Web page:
ارزیابی جهانی تحقیق و توسعه برای تولید سوخت زیستی جلبک و نقش بالقوه آن برای توسعه پایدار در کشورهای در حال توسعه
|کد مقاله||سال انتشار||مقاله انگلیسی||ترجمه فارسی||تعداد کلمات|
|29490||2013||14 صفحه PDF||سفارش دهید||11620 کلمه|
Publisher : Elsevier - Science Direct (الزویر - ساینس دایرکت)
Journal : Energy Policy, Volume 61, October 2013, Pages 182–195
The possibility of economically deriving fuel from cultivating algae biomass is an attractive addition to the range of measures to relieve the current reliance on fossil fuels. Algae biofuels avoid some of the previous drawbacks associated with crop-based biofuels as the algae do not compete with food crops. The favourable growing conditions found in many developing countries has led to a great deal of speculation about their potentials for reducing oil imports, stimulating rural economies, and even tackling hunger and poverty. By reviewing the status of this technology we suggest that the large uncertainties make it currently unsuitable as a priority for many developing countries. Using bibliometric and patent data analysis, we indicate that many developing countries lack the human capital to develop their own algae industry or adequately prepare policies to support imported technology. Also, we discuss the potential of modern biotechnology, especially genetic modification (GM) to produce new algal strains that are easier to harvest and yield more oil. Controversy surrounding the use of GM and weak biosafety regulatory system represents a significant challenge to adoption of GM technology in developing countries. A range of policy measures are also suggested to ensure that future progress in algae biofuels can contribute to sustainable development.
Global energy demand is increasing, driven by a mixture of sustained high consumption in the industrialised countries and rapid economic growth in developing countries such as India and China. Currently much of this demand is met by the combustion of fossil fuels with attendant problems such as supply insecurity, air pollution, price volatility, environmental degradation, and climate change. Here we assess the potential of a proposed next-generation technology derived from harvesting algae biomass to produce a liquid fuel that can partly contribute to alleviating some of these problems whilst simultaneously contributing to the sustainable development of developing countries. In particular, we assess the current technical status of algae biofuel technology in relation to the production of the most common fuels (bioethanol, methanol and diesel) and describe the appropriateness of promoting the growth of an algae biofuel industry in developing countries. We also examine the potential role of modern biotechnology in improving commercial viability of algae biofuel. The size and location of algae research and development (R&D) activity is determined using international academic and patent publication records in order to estimate institutional capacity to benefit from the development of any potential industry. Given the uncertainty which still exists about the viability and suitability of this early-stage technology we avoid providing any new scenario estimates and instead conclude by offering suggestions on how policy can hope to overcome some of the obstacles identified.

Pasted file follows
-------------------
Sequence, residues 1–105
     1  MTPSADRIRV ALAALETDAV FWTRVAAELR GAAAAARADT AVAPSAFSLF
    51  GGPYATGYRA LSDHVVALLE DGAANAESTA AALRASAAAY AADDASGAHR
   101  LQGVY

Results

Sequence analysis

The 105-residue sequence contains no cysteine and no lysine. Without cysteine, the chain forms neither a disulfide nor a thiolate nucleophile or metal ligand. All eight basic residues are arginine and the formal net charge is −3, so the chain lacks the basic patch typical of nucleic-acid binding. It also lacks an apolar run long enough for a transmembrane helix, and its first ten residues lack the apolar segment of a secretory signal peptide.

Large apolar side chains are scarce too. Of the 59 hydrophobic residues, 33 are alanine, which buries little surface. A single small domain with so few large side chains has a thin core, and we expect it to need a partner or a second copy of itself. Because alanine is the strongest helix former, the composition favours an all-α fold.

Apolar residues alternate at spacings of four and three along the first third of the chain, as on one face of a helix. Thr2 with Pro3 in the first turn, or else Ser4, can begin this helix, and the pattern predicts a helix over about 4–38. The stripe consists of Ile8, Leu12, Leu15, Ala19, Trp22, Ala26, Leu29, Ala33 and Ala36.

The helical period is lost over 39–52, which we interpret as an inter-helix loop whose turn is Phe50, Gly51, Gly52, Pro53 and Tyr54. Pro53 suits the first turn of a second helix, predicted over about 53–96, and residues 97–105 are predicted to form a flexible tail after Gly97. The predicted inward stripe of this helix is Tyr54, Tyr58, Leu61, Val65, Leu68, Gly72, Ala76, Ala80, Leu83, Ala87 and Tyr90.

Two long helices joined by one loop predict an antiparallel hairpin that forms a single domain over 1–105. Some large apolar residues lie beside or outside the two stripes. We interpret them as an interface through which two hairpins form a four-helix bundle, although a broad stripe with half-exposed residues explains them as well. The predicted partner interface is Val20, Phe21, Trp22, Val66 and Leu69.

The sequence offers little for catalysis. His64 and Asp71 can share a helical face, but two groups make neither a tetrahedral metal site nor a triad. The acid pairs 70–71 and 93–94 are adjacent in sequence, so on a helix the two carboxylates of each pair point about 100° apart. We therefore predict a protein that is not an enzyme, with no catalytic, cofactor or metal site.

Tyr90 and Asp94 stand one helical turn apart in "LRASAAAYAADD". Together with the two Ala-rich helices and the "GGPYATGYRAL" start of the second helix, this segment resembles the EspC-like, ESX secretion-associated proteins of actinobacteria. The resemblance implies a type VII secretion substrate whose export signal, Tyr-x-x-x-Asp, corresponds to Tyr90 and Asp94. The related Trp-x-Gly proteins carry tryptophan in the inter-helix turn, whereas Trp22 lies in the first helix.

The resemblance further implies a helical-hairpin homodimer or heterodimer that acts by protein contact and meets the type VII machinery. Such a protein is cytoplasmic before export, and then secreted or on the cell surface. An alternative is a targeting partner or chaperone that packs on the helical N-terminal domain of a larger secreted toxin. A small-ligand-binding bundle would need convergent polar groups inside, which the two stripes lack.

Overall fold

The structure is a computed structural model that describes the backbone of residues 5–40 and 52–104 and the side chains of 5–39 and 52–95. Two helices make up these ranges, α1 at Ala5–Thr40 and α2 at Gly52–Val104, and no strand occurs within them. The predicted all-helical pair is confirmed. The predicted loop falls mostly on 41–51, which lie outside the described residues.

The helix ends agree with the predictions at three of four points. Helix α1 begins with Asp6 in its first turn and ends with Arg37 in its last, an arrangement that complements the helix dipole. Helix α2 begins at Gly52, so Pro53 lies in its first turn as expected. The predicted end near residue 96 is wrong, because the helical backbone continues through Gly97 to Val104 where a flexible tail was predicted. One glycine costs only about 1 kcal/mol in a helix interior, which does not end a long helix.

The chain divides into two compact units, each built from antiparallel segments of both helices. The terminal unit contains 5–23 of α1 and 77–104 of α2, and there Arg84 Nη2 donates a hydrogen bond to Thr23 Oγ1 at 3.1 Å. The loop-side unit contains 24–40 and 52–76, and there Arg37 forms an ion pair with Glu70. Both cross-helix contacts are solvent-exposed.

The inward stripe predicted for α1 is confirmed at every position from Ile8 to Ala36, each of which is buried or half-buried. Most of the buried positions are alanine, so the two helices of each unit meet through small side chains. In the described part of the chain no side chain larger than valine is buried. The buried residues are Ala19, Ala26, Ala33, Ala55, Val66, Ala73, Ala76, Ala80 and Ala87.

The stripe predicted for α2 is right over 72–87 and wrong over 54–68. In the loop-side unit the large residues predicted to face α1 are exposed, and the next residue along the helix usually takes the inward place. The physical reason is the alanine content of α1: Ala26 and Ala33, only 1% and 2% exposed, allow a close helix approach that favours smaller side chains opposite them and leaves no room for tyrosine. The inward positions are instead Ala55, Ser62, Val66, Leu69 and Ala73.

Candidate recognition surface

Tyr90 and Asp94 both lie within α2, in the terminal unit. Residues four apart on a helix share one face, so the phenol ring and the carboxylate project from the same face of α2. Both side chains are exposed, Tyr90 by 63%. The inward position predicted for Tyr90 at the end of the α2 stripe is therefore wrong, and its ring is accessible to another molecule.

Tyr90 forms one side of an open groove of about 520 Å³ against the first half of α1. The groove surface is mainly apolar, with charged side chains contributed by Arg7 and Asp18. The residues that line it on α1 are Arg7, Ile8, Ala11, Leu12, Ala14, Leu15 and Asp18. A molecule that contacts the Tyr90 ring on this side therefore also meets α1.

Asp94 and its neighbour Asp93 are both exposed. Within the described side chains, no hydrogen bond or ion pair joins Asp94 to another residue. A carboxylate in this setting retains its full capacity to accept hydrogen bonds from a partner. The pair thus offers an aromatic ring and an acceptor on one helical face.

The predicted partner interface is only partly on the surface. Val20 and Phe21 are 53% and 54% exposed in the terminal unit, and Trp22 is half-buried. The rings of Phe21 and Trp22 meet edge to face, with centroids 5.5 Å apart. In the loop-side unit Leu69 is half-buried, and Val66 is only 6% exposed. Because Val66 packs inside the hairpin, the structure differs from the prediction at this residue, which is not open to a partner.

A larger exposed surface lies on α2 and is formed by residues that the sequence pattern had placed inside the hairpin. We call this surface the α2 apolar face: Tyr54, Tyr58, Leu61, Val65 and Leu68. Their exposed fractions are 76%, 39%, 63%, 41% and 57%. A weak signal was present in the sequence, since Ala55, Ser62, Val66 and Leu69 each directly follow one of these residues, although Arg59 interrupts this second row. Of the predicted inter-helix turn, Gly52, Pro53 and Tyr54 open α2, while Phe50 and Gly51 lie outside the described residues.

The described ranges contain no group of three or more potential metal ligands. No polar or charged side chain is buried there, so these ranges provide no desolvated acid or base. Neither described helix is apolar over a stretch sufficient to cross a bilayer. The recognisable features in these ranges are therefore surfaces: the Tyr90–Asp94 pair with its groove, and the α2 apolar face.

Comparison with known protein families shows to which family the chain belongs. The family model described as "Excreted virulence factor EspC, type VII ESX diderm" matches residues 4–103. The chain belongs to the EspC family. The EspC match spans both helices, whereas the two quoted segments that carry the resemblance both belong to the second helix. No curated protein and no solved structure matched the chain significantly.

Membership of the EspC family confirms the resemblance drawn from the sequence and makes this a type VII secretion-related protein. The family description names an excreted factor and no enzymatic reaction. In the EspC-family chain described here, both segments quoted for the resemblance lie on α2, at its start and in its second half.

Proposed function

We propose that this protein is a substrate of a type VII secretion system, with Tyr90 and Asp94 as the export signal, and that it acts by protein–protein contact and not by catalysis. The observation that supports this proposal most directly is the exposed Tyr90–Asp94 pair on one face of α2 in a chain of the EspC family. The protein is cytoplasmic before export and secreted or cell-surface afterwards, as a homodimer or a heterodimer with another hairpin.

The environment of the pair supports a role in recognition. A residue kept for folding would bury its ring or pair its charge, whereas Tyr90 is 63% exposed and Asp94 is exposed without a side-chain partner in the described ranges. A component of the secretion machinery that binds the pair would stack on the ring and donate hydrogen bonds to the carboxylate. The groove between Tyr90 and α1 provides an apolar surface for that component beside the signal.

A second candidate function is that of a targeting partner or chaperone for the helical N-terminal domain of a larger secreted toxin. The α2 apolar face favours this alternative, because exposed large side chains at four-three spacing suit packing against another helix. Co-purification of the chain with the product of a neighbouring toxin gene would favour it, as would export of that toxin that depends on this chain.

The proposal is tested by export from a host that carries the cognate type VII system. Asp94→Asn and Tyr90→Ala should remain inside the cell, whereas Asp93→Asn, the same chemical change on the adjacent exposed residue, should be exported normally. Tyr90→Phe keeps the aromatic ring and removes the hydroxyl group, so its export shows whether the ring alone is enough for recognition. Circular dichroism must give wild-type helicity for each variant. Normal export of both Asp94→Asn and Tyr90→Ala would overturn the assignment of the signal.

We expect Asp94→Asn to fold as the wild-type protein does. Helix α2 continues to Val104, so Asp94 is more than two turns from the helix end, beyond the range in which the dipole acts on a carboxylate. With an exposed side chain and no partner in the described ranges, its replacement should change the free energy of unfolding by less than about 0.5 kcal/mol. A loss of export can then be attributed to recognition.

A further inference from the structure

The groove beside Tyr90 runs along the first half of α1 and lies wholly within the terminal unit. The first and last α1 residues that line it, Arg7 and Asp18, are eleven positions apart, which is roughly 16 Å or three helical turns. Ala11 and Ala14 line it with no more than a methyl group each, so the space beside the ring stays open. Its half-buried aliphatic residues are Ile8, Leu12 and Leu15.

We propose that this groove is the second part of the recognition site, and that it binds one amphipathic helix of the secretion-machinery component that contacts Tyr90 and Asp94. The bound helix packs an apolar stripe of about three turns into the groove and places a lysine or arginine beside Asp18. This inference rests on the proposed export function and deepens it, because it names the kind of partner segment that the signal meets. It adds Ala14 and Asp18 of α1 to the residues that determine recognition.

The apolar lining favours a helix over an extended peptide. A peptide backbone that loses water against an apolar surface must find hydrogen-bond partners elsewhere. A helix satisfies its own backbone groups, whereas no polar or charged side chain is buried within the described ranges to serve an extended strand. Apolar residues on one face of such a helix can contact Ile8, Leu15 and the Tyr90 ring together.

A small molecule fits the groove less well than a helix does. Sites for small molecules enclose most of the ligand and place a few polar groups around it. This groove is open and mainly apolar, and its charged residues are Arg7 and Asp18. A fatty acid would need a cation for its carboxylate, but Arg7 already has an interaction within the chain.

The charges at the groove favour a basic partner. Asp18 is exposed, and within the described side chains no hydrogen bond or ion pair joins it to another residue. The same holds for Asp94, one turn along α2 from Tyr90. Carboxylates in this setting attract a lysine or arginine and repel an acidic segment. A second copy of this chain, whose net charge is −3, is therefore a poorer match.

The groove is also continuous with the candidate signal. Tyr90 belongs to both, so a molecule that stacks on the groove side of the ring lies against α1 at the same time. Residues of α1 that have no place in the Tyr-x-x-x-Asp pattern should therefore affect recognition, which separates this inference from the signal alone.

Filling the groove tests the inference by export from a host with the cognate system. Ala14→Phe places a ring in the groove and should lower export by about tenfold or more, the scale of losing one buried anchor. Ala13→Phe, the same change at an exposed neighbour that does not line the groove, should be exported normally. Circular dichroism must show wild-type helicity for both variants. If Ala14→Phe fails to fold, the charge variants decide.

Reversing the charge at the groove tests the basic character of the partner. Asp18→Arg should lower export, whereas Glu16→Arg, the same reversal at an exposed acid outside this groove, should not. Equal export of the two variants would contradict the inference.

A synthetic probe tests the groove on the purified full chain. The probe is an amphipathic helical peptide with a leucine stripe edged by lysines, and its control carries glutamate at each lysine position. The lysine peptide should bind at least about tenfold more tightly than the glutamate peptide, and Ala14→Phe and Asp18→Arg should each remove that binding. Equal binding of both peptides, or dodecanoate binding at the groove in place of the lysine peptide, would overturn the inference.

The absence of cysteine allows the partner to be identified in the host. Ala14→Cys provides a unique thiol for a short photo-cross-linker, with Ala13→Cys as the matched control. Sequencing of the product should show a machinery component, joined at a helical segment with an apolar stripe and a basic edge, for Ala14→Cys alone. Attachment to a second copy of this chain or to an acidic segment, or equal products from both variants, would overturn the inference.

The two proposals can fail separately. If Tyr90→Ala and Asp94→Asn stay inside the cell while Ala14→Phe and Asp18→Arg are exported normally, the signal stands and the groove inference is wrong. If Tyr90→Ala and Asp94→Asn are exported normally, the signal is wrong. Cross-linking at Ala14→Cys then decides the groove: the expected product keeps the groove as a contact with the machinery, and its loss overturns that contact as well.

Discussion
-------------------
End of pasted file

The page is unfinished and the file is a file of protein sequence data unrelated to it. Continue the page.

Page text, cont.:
نتیجه گیری انگلیسی
For developing countries, particularly those with the lowest incomes, it is a difficult balancing act in deciding how best to support an immature, but potentially highly lucrative, industry with the more immediate needs of citizens for basic healthcare and education. With respect to algae biofuel, there too many uncertainties (e.g. environmental impacts, technology choice, algae productivity etc.) and unknowns (e.g. future fossil fuel prices) exist to recommend that public money or development aid should be used to support such an industry at this stage. In these situations it is perhaps best to offer administrative and legal support in order to provide either local businesses or appropriate foreign organisations with the framework in which to safely undertake preliminary studies and demonstration plants for algae biofuel. A different conclusion can be drawn for emerging markets such as China, India, and Brazil, which are better placed to undertake greater risks with investment in new technologies. There is of course a difficulty in continuing to refer to the world's second largest economy as a ‘developing country’ and similarly with respect to India and Brazil which are home to world-leading companies and research institutes. Nonetheless, despite the rapid economic growth enjoyed by these emerging world powers in the last two decades, this growth has been very unevenly distributed. These emerging powers are well-positioned to build on their existing crop biofuel and nutrient algae industries to develop an algae biofuel industry. The significant R&D activity taking place in China and India indicates that these countries are keen to develop such technologies independently and gain a first-mover advantage. However, there is a concern that focusing attention on such technology will do little to address the needs of those who have so far failed to benefit from the rapid economic growth. A critical eye must be kept on algae biofuel technology to ensure that its development in both low-income and newly developed economies is such that certain groups and interests are not privileged at the expense of the most vulnerable.